Obesity and delayed motherhood fuel rising numbers of mothers who die in labour
21:59 GMT, 29 April 2012
23:27 GMT, 29 April 2012
A study in the Lancet medical journal says there are concerns maternity units can't cope with potentially dangerous labours (posed by model)
Rising numbers of women are dying in labour as obesity and delayed motherhood make births more risky.
There are concerns maternity units can’t cope with the increasing number of complicated and potentially dangerous labours.
A study of women giving birth in London, published in the Lancet medical journal, found the death rate has doubled since 2005.
In 2010/11 there were just under 20 deaths for every 100,000 births compared with just under ten deaths six years previously.
There are currently no comparable
figures for the remainder of the UK as the Centre for Maternal and
Child Enquiries, which would normally investigate such cases, has had
its work suspended to save money.
The researchers blamed the increase on
rising rates of obesity and the trend for delaying motherhood which
makes births increasingly complicated.
Additionally the higher numbers of
women undergoing IVF means they are more likely to have twins and
triplets, which are riskier.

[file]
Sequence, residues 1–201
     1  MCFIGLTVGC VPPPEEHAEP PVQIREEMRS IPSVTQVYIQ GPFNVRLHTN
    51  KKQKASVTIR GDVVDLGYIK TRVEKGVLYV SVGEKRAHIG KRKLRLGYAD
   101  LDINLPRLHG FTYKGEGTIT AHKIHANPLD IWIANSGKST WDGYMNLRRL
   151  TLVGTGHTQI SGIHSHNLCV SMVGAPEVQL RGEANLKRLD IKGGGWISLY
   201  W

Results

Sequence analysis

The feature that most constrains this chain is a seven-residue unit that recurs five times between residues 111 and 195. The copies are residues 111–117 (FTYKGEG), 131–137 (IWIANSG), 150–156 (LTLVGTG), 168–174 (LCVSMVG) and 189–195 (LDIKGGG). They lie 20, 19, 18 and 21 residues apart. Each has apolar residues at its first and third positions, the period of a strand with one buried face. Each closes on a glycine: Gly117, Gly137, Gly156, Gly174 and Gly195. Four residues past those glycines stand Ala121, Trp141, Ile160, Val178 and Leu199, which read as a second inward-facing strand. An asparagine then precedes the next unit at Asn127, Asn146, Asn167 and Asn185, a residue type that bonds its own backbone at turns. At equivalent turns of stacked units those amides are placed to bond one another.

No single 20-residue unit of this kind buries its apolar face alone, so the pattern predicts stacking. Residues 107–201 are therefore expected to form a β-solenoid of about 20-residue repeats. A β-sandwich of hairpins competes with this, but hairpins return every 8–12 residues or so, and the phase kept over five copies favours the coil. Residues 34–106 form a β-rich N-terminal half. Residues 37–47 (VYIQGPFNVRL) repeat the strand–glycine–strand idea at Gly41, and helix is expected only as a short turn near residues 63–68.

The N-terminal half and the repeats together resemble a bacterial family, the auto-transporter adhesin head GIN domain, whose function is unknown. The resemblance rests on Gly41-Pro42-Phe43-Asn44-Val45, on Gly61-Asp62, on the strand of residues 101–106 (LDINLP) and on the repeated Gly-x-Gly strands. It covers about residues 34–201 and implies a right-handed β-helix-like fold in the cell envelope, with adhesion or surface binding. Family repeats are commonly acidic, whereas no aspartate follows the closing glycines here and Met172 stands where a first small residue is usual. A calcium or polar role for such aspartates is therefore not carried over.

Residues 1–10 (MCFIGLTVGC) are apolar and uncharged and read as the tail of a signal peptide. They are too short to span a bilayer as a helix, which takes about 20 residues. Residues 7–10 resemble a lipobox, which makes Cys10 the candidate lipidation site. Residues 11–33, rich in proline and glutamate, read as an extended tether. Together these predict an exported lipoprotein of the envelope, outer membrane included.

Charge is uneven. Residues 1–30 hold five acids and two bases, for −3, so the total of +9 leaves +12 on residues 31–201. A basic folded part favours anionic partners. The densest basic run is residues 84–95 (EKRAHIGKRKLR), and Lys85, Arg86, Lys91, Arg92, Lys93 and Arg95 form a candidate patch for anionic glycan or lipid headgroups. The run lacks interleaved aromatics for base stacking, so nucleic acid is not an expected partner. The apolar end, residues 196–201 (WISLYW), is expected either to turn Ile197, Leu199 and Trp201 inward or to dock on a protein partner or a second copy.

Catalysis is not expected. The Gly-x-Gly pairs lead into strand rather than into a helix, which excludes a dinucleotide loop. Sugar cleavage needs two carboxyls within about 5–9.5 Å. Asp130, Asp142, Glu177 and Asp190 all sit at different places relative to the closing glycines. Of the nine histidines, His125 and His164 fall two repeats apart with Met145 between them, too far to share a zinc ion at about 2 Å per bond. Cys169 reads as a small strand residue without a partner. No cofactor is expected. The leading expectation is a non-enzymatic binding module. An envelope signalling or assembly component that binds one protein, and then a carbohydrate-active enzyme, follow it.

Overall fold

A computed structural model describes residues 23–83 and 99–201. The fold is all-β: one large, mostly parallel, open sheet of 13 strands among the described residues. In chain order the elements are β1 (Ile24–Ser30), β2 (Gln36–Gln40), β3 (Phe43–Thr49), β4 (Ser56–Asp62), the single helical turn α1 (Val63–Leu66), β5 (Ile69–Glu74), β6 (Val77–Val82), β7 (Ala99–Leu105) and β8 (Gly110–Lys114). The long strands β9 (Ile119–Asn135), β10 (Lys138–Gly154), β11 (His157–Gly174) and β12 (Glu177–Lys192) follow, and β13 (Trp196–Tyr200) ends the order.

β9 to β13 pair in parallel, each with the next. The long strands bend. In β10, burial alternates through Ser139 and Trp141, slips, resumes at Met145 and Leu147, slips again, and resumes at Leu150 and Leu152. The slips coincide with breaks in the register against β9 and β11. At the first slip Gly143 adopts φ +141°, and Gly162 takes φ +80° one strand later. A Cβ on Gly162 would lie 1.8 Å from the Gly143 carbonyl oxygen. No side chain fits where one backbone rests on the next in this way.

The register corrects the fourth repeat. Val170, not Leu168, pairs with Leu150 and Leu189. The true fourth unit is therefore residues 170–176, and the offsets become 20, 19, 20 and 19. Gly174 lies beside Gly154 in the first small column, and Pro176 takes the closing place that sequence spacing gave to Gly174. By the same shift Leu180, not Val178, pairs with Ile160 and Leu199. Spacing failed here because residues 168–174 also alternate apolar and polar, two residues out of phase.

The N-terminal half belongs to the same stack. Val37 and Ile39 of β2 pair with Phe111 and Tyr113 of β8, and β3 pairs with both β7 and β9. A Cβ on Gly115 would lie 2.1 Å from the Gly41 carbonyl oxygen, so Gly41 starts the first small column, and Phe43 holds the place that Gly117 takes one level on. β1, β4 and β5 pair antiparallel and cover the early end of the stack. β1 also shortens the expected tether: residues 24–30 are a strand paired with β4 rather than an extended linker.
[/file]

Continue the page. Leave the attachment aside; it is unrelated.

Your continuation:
These trends may be more pronounced in London but it is likely similar problems are being experienced across the country.
Dr Susan Bewley, consultant obstetrician from Guy’s and St Thomas’ hospital in London called for ‘urgent attention’.
‘We do know women are becoming pregnant when they are older and fatter and have more complex health issues,’ she said.
‘It could be that hospitals in London are
actually coping surprisingly well against greater odds, or it could
mean there are problems with the services.’
Professor Cathy Warwick (pictured) of the Royal College of Midwives. She said maternity services are dealing with far more women with complex pregnancies
Professor Cathy Warwick, general secretary of the Royal College of Midwives, said: ‘Two factors are combining: maternity services are under pressure from a steadily rising birth rate while dealing with far more women with complex pregnancies.’
Since 2001 the UK birth rate has jumped by 21 per cent, up from 594,634 to 723,165 last year alone.
By contrast, the number of midwives has only increased by 15 per cent over the same period, from 18,048 to 20,790.
The college estimates an extra 5,000 midwives are needed.